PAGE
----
Although the impasse seemed likely to be settled by a face-saving compromise, the disturbing consequences will echo long after the bells are stilled. The most immediate victim is the beleaguered Sauvé. Although renowned procedural experts such as St. Francis Xavier University political scientist John Stewart contend that she has the clout to order a vote, Sauvé has prudently declined to make more waves. At the same time the Liberals do not want to reinforce a public image of arrogance by prodding her to action. Nonetheless, the Conservatives are convinced that her quick dismissal of Andre’s request dramatizes a partisan approach to Commons wrangles. And that could permanently damage her credibility.
The episode has also troubled many parliamentary experts who believe that both parties are distorting long-standing democratic traditions. One senior cabinet minister admitted last week that even if Lalonde’s bill is strictly legal, it pushes the definition of omnibus bills to the outer limits. Political scientist Stewart laments that the Conservatives have abused a traditional mechanism designed to prevent the defeat of a government through snap votes. “I just don’t think people concerned with our form of government— regardless of what they think of the government—will be very pleased,” he says. The mutual grievances will keep tempers high and the parties at each other’s throats when the energy bill has passed into parliamentary history.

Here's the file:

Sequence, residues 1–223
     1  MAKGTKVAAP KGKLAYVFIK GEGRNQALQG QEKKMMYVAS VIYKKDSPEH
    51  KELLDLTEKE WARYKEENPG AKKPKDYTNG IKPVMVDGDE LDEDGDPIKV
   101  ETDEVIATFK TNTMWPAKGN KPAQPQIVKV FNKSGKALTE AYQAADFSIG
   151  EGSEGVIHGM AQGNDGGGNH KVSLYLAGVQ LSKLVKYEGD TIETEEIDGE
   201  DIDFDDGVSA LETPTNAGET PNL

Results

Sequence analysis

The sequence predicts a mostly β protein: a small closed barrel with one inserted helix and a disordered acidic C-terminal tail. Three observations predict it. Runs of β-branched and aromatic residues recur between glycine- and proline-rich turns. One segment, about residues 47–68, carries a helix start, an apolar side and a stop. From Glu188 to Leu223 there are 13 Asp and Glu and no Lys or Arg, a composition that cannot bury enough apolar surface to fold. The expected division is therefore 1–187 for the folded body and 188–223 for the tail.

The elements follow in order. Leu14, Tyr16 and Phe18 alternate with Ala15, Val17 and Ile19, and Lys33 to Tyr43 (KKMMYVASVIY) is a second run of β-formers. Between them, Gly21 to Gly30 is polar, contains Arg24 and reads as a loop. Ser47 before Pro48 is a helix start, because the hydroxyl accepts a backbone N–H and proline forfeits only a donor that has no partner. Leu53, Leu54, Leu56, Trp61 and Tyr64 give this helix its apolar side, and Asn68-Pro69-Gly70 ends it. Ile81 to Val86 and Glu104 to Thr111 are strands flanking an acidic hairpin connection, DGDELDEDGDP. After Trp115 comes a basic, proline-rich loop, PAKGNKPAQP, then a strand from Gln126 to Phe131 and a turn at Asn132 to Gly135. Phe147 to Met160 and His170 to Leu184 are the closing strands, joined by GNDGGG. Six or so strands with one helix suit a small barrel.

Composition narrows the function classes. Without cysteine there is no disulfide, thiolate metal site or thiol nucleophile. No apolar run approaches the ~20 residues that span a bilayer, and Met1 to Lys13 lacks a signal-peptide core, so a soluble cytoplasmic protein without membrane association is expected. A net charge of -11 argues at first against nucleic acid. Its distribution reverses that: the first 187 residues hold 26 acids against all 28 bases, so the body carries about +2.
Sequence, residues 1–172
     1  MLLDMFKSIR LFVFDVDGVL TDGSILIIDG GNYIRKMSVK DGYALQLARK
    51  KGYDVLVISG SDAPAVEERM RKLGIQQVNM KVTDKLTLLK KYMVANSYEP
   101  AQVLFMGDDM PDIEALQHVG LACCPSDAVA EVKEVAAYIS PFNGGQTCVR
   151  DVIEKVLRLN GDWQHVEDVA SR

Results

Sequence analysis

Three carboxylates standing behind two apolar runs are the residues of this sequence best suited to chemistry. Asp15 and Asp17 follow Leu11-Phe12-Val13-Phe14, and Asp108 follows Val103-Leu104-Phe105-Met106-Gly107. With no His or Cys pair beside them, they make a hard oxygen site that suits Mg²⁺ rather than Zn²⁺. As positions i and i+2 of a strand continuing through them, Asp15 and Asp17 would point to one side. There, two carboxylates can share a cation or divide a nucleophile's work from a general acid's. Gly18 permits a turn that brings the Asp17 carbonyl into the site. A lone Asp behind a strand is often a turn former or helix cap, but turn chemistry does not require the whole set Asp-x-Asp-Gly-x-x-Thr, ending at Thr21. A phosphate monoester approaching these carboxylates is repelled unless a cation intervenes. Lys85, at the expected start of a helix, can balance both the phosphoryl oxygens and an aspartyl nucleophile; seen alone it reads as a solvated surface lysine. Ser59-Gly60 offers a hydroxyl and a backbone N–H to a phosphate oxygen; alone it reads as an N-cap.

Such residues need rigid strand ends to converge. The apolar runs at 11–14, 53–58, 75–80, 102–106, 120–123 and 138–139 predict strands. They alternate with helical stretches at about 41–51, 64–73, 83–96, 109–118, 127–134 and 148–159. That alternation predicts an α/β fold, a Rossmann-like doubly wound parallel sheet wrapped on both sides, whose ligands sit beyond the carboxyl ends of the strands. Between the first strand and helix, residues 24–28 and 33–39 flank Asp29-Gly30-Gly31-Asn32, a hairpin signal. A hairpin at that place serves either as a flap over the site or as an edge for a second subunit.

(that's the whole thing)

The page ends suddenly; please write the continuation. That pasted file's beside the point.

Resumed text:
Above all, however, the face-off has tarnished the dignity of all parliamentarians. Although Commons committees did not function last week, 18 MPs and eight senators from all parties managed to jet to Key Largo on the taxpayers’ tab for weekend discussions with U.S. congressmen. And late last week, while the bells clanged, many MPs trundled to a lavish reception hosted by the Korean ambassador. “It’s hard to get somebody to believe that you can solve complex economic problems when you can’t decide how to get a bill before Parliament,” mutters NDP House Leader Ian Deans. Liberal MP Deniger adds that “Canadians are not passing judgment on the Tories or the Liberals or the NDP—they’re passing judgment on politicians and that’s the tragedy of all this.” As the economy slides deeper into recession, Canadians may view it not as a tragedy but a farce.